There are many types of injuries that a loved one may experience during their time in a nursing home. One of the most common injuries that an elderly person may experience is a bedsore. This injury can occur due to the neglect of a nursing home employee or home health aide is. It is important that you understand what a bedsore is so that you can prevent it. If you fear that your loved one has a bedsore, this information can help you diagnose the problem.

Bedsores

One of the most common forms of injury that a person can sustain in a nursing home is a bedsore. This is also known as a pressure sore. A bedsore is an injury to skin and tissue underneath skin caused by extensive pressure on a part of the body. Bedsores generally develop when a person does not move for long periods of time. If nursing home employees neglect residents, bedsores are a common development. Bedsores commonly develop in areas such as:

  • Ankles.
  • Heels.
  • Tailbone.
  • Spine.
  • Shoulder Blades.
  • Elbows.
  • Hips.

These body parts are common areas where bedsores develop. This is because there isn’t a lot of fat or muscle to protect the bone from pressure.

How Bedsores Form

When the body experiences pressure with no relief, blood flow to tissue and skin is limited. When this happens, tissue and skin cells will become damaged and can eventually die. Friction can aggravate or worsen a bedsore. This may occur when your loved one tries to move or a care provider attempts to move your parent. Another factor in nursing homes that contribute to bedsores is known as shear. Shear is when two forces are moving in opposite directions. For example, in a hospital bed that gets elevated, your loved one might begin slipping. Your loved one’s skin will start pulling in a downward direction, but the bones will stay put. This force can create a bedsore.

Some residents are at higher risk for bedsores than others. Individuals whose physical health limits their mobility and ability to change positions. Bedsores occur in several stages and are characterized based on their severity.

Stages

Stage One-There is no skin broken, but the area in question appears to be a lighter pink or reddish color. It may be warm or cool to the touch and painful for the individual who is being affected.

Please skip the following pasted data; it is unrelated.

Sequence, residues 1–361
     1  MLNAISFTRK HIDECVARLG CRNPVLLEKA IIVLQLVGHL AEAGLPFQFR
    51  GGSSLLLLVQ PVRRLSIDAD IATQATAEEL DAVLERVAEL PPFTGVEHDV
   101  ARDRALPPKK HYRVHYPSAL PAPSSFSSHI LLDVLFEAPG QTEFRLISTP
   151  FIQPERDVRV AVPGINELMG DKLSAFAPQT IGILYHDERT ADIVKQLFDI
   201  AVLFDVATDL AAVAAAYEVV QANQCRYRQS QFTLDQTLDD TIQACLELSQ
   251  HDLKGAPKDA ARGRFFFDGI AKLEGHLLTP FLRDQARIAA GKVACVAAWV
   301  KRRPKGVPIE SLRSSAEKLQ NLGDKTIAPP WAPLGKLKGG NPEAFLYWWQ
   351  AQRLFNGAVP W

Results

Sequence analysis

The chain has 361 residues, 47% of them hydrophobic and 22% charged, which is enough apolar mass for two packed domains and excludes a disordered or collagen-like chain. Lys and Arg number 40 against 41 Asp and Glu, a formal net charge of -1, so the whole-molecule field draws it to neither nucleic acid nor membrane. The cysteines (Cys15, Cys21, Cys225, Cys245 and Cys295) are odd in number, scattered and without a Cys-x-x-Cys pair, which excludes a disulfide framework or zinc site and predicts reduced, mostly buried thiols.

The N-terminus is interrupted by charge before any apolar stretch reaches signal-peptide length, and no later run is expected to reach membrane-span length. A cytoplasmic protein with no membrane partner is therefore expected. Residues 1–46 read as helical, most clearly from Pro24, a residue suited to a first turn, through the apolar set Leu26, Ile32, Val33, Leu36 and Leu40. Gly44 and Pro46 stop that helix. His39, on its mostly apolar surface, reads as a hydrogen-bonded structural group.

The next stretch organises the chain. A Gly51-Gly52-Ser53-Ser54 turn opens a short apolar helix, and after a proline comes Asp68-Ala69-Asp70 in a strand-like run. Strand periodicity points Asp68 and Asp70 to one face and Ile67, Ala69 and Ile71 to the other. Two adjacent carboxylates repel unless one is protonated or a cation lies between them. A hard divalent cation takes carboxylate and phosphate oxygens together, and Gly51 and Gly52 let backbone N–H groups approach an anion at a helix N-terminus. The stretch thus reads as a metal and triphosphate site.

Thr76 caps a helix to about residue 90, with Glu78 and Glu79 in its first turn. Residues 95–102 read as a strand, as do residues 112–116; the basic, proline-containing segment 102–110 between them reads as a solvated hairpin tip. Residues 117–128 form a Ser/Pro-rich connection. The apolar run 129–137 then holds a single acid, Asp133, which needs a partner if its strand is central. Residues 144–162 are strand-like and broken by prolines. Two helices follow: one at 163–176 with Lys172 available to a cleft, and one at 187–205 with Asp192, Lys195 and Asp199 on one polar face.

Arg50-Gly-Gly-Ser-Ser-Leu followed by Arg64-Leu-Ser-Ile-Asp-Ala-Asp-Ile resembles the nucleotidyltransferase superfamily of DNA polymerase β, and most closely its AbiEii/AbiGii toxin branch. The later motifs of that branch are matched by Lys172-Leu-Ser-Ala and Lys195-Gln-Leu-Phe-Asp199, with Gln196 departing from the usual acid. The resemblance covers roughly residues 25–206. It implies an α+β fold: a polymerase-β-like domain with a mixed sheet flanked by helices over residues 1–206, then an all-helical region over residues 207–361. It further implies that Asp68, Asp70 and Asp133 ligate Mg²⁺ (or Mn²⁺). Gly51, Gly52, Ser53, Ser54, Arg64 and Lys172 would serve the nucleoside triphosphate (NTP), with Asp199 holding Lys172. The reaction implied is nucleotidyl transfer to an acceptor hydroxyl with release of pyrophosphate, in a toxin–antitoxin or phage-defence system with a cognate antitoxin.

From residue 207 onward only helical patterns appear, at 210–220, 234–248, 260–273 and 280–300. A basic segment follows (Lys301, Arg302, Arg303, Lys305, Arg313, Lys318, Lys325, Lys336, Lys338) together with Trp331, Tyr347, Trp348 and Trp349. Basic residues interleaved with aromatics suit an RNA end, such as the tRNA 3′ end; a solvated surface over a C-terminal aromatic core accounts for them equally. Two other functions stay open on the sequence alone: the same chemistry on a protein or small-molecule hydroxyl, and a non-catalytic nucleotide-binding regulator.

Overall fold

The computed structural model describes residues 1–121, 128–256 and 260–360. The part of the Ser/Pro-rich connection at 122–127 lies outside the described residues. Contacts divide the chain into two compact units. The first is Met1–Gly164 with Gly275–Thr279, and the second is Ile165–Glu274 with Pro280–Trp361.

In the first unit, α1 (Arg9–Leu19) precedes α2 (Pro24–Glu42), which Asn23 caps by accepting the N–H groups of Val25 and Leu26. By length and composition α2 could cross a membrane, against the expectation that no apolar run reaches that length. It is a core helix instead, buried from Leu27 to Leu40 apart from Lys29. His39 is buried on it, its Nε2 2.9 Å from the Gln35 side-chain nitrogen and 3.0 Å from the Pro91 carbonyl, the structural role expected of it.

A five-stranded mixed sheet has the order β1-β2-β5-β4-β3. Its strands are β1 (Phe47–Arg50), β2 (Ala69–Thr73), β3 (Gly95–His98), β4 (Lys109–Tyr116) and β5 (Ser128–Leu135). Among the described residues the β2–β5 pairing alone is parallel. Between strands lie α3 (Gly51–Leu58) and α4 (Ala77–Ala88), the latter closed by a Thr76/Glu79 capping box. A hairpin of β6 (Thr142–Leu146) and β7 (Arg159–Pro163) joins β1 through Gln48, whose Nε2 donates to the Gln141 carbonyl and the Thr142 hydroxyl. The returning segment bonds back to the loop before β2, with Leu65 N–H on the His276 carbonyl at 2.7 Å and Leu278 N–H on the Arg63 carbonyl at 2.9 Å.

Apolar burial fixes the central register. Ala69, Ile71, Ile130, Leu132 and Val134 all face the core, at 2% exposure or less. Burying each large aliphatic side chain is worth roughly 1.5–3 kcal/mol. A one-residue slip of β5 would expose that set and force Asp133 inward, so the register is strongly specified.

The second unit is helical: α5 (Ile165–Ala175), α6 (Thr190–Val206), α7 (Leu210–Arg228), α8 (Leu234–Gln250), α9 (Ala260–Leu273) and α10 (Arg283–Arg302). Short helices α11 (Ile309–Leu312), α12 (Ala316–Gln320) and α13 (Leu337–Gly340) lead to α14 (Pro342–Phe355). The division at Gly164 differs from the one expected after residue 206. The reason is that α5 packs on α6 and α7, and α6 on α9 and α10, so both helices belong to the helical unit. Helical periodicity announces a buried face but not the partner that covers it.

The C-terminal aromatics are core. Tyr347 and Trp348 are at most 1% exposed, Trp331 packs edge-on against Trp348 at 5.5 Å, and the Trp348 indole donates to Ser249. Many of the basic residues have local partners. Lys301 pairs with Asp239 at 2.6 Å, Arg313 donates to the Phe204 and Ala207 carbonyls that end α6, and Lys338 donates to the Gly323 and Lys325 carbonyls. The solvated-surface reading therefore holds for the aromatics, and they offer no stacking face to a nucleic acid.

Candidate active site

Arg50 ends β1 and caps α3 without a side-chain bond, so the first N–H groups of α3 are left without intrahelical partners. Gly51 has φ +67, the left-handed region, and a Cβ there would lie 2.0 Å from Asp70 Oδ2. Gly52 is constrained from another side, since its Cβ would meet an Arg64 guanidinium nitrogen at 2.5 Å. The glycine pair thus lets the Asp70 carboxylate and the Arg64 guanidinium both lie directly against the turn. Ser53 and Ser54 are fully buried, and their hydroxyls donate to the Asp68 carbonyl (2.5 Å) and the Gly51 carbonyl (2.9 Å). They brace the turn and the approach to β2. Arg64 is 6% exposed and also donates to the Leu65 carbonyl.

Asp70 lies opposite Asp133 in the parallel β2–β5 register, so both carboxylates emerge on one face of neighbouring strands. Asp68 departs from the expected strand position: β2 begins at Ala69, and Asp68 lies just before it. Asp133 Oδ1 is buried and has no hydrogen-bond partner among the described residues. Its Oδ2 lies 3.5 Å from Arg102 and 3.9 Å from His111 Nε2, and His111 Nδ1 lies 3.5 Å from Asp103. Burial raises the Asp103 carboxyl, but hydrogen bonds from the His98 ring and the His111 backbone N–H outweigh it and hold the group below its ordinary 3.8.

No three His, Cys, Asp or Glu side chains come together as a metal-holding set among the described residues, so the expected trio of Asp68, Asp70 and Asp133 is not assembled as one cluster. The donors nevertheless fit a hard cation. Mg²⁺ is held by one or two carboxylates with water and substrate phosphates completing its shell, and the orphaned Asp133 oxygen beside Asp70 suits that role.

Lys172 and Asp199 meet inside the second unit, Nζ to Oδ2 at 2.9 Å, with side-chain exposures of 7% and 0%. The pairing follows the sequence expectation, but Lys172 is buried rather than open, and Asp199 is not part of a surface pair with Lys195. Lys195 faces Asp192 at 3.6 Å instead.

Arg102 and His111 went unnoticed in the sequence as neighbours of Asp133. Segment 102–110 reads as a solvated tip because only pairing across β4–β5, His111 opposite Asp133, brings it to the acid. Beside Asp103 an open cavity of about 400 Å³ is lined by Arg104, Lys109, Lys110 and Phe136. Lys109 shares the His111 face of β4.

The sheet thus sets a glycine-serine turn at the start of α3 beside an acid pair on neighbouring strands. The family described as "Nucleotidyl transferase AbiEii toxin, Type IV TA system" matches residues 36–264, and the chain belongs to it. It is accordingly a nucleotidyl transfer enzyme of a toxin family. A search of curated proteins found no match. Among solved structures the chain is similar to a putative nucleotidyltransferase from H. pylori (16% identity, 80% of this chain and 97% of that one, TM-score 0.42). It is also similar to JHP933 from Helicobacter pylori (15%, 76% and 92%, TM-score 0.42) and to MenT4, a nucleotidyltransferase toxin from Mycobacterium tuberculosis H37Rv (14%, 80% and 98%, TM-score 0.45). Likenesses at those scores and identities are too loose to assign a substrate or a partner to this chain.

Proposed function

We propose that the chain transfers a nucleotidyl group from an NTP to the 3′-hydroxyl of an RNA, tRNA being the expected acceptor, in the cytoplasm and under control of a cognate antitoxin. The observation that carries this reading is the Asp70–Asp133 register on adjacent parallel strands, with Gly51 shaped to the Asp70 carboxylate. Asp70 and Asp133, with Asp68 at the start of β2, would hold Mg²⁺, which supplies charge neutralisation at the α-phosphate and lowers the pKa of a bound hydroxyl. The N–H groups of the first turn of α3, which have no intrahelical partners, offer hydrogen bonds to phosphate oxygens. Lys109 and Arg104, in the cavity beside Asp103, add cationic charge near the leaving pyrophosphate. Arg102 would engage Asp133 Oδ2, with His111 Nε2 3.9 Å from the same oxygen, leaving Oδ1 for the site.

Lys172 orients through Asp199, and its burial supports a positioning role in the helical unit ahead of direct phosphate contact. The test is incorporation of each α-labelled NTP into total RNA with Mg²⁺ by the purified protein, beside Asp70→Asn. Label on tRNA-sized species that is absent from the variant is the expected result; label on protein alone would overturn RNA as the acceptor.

Stage Two-The outer layer(s) of skin are lost. It may resemble a fluid filled blister and will appear like a shallow wound. It will be painful to the touch.

Stage Three-The wound is so deep that fat gets exposed. It will resemble a crater and may have some yellow discoloring in the deeper parts.

Stage Four-The wound may now be so deep that it exposes muscle, tendons or bones. The inner circle will contain dead tissue that is black or yellow in color.

Unstable– the wound crusts over and is either yellow, red or black in color with no way to see how deep the wound is.

Bedsore Causes

Bedsores are common in nursing homes. This is sometimes due to the inattention of nurses and other staff members. If residents are not consistently cared for, bedsores can develop. Residents should be moved, stretched out, and allowed to walk to prevent this issue. The consequences of this ailment can be minor or severe. They range from discomfort and pain, to something as serious as death. This is because bedsores that are left untreated for long periods of time can become infected. This can weaken your loved one’s immune system. Ulcer infections and bone infections can be serious. You should be constantly checking in on your loved one to make sure that bedsores don’t develop. If bedsores do develop, you need to find out immediately. This will prevent them from worsening and impacting your loved one’s health.

You should talk with your loved one about the type of treatment and assistance that they are receiving. If you learn that your loved one is left unattended for long periods of time, a bedsore might develop. Or, if your loved one does not have access to regular exercise or movement, a bedsore might develop. If you suspect that your loved one has a bedsore, look for common symptoms. These include ulcers, scabs, redness, swelling, pain, bleeding, etc. If you notice any of these issues, seek professional help immediately. If you are vigilant and notice a bedsore when it is in stage one or stage two, you can stop it from becoming worse. Get your loved one the help that they need as soon as you can.